PEI 300: Perpetual strategies dominate at the large end

Low-risk AUM, and steady, predictable fees are among the reasons why the longer-term approach to fundraising has gained momentum.

The 10-year commingled fund is alive and well at the larger end of the private equity market. The fundraising momentum, however, lies elsewhere: with perpetual
capital strategies.

This year’s table-topper, KKR, added $150 billion of perpetual capital in the year to end-September, equivalent to one-third of its total assets under management and an 8x increase year-on-year. This was in part due to the acquisition of Global Atlantic, which added $70 billion of AUM to KKR’s balance sheet and gave the insurer access to yield-boosting alternatives investments.

The figure does not include KKR Core Platform II, which has raised $12 billion of its $16 billion target to invest over the long term in low-risk, cash-generative assets. KKR’s Core PE portfolio has “many of the right attributes to outperform if we go through a period of volatility and real inflation”, including having “real pricing power”, CFO Robert Lewin said in early May.

Meanwhile, nearly half of Blackstone’s $148 billion in inflows during the 12 months to October – $47 billion in the third quarter alone – was perpetual in nature, coming via 16 vehicles across multiple asset classes.

The same firm has also used secondaries technology to boost its perpetual capital business. In February, it completed a €21 billion recapitalisation of European logistics company Mileway, in which existing investors were given the option to sell, roll, or roll with an increased stake. The perpetual Blackstone Core+ real estate fund also backed the deal, effectively turning a company acquired by a closed-end vehicle into an evergreen asset, as it did with life sciences business BioMed Realty in 2020.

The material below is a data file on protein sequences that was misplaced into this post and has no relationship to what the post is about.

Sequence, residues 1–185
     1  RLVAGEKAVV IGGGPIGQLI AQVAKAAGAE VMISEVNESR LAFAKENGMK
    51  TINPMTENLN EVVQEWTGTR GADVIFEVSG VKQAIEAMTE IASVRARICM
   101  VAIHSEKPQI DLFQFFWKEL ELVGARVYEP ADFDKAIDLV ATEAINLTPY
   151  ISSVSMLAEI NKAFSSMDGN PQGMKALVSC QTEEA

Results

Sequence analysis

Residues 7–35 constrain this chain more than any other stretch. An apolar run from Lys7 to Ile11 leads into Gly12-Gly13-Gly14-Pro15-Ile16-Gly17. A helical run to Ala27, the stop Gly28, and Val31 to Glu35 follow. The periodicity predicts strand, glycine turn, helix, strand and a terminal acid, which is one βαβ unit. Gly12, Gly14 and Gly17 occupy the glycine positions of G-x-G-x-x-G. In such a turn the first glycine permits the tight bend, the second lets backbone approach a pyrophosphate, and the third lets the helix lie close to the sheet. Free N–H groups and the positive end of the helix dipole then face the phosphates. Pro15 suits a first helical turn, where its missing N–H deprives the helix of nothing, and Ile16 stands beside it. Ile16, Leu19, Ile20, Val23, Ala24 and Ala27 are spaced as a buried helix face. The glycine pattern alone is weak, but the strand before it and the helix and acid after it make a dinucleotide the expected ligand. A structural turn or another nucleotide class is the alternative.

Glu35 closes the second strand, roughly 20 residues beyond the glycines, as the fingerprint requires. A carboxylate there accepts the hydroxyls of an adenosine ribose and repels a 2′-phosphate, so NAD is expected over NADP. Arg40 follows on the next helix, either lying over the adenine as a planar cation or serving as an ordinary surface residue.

Blackstone has taken minority stakes in insurance businesses and done deals to manage the firms’ capital, but has no plans to buy one outright: “We want to run a business that’s asset-light. We have a very small balance sheet, virtually no net debt and no insurance liabilities,” president and COO Jonathan Gray told Private Equity International in March.

A new course

The advantages of perpetual capital are clear: the periodic rigmarole of launching and raising funds is made unnecessary, it adds low-risk AUM, and generates steady, predictable fees. It also removes the pressure to sell good companies just because a vehicle is getting towards the end of its life. Not everyone, however, is jumping aboard.

In March, EQT – up three places in this year’s ranking – agreed to acquire Baring Private Equity Asia in a €6.8 billion deal. When asked by PEI about the big price tag of the deal, chief executive Christian Sinding said EQT was sticking to its buyout lineage, and that those skills cost money to acquire.

“There’s a race for a trillion [in AUM]… we are not going to be part of that,” Sinding said. “There’s a huge need for private capital in these more commoditised products, but then you have to be huge. The way Blackstone is doing it, they’re scaling in every product. I’ve a lot of respect for a lot of them, but it’s a very different business.”